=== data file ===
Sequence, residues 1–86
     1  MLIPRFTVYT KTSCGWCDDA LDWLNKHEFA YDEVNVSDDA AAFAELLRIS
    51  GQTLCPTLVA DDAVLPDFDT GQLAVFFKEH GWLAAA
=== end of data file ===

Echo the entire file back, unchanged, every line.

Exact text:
Sequence, residues 1–86
     1  MLIPRFTVYT KTSCGWCDDA LDWLNKHEFA YDEVNVSDDA AAFAELLRIS
    51  GQTLCPTLVA DDAVLPDFDT GQLAVFFKEH GWLAAA